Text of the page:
How full is your water glass?
Chances are, if you’re reading this, it can be half full or even overflowing if you simply walk a few feet to your kitchen sink. Or maybe you need to walk up or down a flight of stairs. Darn.
But millions of women and children have to walk miles and miles every day to collect water. And, for 750 million people, it’s not even safe to drink. Something to think about the next time you take a shower (in the U.S., the average family uses 40 gallons per day just to shower).
Every year, experts, business innovators, decision-makers and more gather to discuss global water issues—and work on solutions—at World Water Week in Stockholm (August 23-28).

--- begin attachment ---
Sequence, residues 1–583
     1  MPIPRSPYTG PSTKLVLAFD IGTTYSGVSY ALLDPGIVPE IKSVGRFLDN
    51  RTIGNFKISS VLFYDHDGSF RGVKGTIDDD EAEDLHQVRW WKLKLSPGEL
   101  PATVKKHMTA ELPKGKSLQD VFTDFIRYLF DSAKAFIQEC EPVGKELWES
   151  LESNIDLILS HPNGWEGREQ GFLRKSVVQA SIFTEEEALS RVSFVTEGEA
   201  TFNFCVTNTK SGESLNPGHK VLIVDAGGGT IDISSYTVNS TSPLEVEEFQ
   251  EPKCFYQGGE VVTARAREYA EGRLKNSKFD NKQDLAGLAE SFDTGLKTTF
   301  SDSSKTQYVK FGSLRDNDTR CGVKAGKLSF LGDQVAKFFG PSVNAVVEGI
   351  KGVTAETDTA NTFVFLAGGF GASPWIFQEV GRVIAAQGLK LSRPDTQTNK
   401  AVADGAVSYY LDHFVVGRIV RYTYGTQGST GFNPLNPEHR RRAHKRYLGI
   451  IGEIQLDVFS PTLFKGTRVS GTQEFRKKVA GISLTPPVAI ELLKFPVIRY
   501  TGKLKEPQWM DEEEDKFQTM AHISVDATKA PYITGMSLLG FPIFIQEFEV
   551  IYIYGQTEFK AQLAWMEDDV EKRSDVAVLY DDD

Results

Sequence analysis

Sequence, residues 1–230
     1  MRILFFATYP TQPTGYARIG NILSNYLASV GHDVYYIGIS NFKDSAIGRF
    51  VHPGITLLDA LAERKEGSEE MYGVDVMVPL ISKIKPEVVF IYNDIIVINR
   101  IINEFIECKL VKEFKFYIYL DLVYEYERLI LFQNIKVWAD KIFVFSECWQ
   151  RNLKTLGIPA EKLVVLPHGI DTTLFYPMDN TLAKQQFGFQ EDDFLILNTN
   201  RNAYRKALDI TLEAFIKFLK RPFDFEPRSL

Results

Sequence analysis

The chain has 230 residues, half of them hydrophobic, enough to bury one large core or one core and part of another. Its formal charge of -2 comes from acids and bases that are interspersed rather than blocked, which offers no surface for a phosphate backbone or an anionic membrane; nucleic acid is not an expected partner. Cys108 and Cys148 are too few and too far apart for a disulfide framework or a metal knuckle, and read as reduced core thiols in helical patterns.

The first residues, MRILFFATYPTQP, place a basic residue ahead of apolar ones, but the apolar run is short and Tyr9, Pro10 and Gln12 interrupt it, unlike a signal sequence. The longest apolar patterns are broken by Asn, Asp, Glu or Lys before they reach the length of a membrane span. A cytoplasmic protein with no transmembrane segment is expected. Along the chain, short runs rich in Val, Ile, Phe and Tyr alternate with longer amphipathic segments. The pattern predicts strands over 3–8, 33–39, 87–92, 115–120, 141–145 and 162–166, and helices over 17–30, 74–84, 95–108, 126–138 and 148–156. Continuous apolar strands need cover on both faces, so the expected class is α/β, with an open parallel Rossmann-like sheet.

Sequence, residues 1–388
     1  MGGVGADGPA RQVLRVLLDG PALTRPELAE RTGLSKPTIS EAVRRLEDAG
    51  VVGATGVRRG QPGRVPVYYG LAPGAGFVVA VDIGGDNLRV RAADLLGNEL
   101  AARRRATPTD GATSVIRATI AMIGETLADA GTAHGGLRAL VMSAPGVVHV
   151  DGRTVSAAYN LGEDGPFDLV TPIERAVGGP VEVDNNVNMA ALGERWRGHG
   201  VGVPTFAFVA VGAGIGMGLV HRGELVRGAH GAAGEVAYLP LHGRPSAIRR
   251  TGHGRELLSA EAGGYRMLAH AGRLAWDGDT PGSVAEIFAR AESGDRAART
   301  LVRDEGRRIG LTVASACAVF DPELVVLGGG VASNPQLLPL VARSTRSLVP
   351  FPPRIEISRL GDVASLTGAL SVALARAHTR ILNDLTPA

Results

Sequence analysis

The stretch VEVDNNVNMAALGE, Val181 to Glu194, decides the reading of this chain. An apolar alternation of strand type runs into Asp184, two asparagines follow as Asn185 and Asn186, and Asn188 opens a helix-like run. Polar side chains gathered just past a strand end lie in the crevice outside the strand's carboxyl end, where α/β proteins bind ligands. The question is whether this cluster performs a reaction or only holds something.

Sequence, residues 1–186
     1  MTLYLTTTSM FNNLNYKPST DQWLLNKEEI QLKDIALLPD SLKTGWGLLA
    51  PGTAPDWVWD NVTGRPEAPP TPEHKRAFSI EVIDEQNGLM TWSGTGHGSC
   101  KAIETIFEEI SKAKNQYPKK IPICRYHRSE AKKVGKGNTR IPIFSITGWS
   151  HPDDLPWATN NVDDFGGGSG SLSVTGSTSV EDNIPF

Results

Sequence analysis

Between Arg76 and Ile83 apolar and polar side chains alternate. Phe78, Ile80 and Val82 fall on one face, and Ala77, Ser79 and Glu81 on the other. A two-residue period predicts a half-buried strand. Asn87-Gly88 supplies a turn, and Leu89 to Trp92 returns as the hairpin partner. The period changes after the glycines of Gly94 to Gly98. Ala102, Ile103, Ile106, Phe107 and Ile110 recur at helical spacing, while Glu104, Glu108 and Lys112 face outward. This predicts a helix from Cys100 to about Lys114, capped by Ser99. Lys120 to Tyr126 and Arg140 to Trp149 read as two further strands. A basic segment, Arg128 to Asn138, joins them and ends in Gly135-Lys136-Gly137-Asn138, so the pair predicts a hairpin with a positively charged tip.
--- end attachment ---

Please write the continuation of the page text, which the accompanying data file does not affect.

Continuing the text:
Listen to this GD myEARTH360 report—GD Meg and I talk about World Water Week plus some sobering water stats—then read on for more info and what you can do to help…
Water is a human right.
And it’s a serious global issue that’s not limited to developing countries. Contamination from fracking or oil/mining spills; pumping water for bottled water; irrigation lawsuits; drought shaming; and more occur right here in the U.S.
Of course, most of us aren’t feeling the impact like the 750 million who lack access to clean water and, even if their glass is half full it’s probably murky.
~ Click here to protect the Clean Water Rule (U.S.)
~ Contribute to Water.org—For every $25, you’ll give someone access to safe water for life.
~ Follow the global conversation on social using the hashtag #WWWeek.
Check out the water.org infographics below to learn more…
Water is not only important to health. It plays a huge role in the economy. According to water.org:
Universal access to water and sanitation would result in an estimated $32 billion in economic benefits per year globally from reductions in health care costs and increased productivity from reduced illness.